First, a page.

The unexpected renaissance of the hard science-fiction movie is one of several trends from the decade that surprise us, even though we should have seen it coming.
In the 2010s, multiplex attendees enjoyed a revival of hard science-fiction, loosely defined as sci-fi that not only takes place within the realm of scientific possibility, but is narratively grounded by the process of space travel and exploration.
The template for hard science-fiction is 2001: A Space Odyssey, Kubrick’s 1968 adaptation of Arthur C. Clarke’s novel. Its influence looms over Alfonso Cuarón (Gravity), James Gray (Ad Astra), Christopher Nolan (Interstellar), Ridley Scott (The Martian), and Denis Villeneuve (Arrival). They’re a welcome departure from self-referential, Star Wars-style nostalgia, and a move toward an exciting, inspiring, modern, kind of science-fiction for climate-crisis-afflicted times.
Like 2001, modern hard science-fiction is only superficially about scientific procedure and survival: they’re all melodramas in space. In Ad Astra -- the most stylistically austere and generically pulpy of the recent hard sf bumper crop -- dune-buggy-riding space pirates, a feral baboon, and a Donald Sutherland cameo are memorable narrative detours as stoic astronaut Roy McBride (Brad Pitt) searches for his father in space.
Roy’s arc exemplifies the hard science-fiction movie’s tendency to turn survival narratives into cosmic therapy. There are exceptions -- The Martian, Gravity -- but most recent hard science-fiction protagonists use their professional skills to overcome trauma.
There are usually two layers to recent hard science-fiction movies: 1) the narrative as a technically-oriented procedural (i.e.: we follow space MacGyvers as they “science the shit out of” their problems); and 2) the protagonist’s quest for existential fulfillment. While a typical hard sf hero may be focused on procedure to survive, the only way they can succeed is by facing their deeply sublimated personal problems, which are almost always irritated by the presence of alien conditions. Ad Astra’s space pirates are not, in that sense, a bug, but rather a feature, of the modern hard science-fiction movie, a genre full of alienated workaholics who bury their feelings in their work.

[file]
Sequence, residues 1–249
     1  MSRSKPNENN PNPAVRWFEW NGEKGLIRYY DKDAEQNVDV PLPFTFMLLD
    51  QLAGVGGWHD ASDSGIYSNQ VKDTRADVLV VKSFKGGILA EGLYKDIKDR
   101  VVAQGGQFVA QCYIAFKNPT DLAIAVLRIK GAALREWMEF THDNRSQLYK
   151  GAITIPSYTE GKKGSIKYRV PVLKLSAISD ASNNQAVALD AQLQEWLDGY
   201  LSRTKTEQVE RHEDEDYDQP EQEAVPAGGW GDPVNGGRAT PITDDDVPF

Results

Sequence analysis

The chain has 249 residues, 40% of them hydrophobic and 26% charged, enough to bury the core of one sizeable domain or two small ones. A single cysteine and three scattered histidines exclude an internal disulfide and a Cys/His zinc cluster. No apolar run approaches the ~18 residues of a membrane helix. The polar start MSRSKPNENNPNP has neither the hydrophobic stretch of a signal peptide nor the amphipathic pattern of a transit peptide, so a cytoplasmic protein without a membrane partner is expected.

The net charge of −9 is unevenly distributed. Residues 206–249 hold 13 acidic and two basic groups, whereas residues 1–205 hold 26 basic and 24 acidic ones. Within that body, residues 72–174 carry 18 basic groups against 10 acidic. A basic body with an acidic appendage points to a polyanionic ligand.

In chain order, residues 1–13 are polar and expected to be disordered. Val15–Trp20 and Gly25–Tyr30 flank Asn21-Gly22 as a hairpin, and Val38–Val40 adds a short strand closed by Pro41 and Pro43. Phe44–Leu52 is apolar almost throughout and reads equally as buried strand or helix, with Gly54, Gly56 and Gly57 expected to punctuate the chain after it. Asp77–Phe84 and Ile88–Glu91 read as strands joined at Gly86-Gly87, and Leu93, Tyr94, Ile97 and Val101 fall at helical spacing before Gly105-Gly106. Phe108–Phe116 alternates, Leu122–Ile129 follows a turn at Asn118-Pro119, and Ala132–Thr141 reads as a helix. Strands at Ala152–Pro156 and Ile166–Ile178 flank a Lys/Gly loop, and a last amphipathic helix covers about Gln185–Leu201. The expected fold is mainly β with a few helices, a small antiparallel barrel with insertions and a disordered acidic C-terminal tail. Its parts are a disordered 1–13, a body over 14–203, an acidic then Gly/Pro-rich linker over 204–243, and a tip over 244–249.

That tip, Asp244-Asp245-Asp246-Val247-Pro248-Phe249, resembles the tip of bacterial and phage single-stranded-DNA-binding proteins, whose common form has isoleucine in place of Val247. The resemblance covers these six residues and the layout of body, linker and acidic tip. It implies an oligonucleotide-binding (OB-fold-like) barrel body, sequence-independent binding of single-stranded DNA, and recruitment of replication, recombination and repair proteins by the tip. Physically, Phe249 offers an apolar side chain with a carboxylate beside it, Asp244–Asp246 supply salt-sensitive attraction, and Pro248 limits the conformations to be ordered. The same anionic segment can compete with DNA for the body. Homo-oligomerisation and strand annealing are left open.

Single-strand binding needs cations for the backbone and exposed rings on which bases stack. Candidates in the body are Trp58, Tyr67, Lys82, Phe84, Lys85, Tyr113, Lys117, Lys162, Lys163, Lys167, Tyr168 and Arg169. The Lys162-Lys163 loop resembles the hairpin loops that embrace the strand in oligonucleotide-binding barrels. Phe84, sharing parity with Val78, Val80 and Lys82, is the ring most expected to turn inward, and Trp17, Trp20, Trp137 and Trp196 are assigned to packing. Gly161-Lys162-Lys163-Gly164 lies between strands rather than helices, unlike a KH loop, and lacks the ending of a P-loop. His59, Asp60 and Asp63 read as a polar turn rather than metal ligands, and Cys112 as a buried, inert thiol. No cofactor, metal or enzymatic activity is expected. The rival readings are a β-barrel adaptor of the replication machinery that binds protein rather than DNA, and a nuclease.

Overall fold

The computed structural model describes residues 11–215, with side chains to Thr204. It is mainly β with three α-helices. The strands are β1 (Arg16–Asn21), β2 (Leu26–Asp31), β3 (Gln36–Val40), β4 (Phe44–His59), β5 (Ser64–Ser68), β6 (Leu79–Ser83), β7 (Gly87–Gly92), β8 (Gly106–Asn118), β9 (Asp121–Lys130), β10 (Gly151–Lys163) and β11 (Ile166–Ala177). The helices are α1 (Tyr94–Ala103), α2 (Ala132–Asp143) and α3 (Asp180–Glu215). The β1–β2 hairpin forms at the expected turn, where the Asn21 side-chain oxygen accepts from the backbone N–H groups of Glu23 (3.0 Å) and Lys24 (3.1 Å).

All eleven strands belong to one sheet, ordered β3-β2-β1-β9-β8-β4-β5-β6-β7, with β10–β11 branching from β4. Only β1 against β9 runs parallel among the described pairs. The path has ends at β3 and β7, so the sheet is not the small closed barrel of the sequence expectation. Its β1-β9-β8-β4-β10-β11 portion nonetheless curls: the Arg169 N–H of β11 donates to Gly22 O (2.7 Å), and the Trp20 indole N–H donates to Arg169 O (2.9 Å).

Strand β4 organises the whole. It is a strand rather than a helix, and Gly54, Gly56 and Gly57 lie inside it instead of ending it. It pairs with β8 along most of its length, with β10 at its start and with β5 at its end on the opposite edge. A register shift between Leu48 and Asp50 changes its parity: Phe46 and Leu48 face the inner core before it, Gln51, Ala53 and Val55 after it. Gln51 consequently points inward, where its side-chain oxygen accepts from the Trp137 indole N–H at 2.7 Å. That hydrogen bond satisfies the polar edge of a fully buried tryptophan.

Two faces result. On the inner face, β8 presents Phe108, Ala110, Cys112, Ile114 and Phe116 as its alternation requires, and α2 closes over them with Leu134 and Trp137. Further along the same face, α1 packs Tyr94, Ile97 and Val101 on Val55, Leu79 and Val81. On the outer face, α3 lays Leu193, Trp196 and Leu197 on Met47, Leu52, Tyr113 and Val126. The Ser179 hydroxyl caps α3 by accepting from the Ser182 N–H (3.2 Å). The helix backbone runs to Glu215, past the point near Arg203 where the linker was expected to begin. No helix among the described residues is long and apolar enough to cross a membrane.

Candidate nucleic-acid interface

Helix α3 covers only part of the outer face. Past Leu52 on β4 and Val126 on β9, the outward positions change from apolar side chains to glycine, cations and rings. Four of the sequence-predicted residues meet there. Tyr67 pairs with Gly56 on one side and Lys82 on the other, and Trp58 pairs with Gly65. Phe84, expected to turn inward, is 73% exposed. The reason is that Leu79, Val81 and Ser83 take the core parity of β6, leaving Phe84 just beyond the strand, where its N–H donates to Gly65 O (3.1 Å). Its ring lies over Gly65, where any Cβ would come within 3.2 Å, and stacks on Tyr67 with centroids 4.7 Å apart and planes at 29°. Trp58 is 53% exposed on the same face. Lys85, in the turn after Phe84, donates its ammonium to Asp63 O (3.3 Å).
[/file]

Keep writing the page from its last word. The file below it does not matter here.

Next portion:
Melodrama is the engine that powers hard science-fiction, not their Neil deGrasse Tyson-approved science. You can see it in Gravity, when Sandra Bullock conjures the ghost of her colleague Matt Kowalski (George Clooney), who encourages her when she’s on the brink of collapse. Melodrama’s also the thing in Arrival, where Amy Adams stops a world-ending conflict by shocking a general with his dead wife’s aspirational final words (“War doesn’t make winners, only widows”). And don’t forget Interstellar, where Matthew McConnaughey realizes that he’s a ghost haunting his daughter (Jessica Chastain), also an astronaut, so he helps her complete her mission by sending instructions in MORSE code through the twitches of her wrist watch’s second hand. In this context, Ad Astra’s rabid baboon is just one surreal narrative pivot among many.
Plausible concepts aren’t just narrative contrivances in hard science-fiction. The Martian’s survival-driven protagonist (Matt Damon) applies deductive reasoning in thrilling and easy-to-follow ways to dramatically illustrate that an understanding of scientific experimentation is vital. Even The Martian -- which feels like an atheist’s hard sf narrative compared to the others’ more agnostic or even semi-religious themes -- views being a scientist like a life-saving and even noble career path.
What defines the last decade’s hard science-fiction is a tendency to use process-oriented survival dramas to gain a personal understanding of the role of scientific inquiry and the big picture questions it poses.
Hard science-fiction movies are only initially concerned with reducing macro-level threats and problems to micro-level solutions, and then ultimately about blowing up those procedures to humanize the people pushing scientific progress. Hard science-fiction is to science what Michael Bay is to war propaganda: they make it sexy by making it seem more human.
By focusing on what can be done and why it matters, popular science-fiction is now steering the genre away from the idea that heroism is only in the hands of exceptional and the predestined.
This essay is part of the Inverse Singularity Awards, a critics' poll and essay collection about the best genre movies of the 2010s.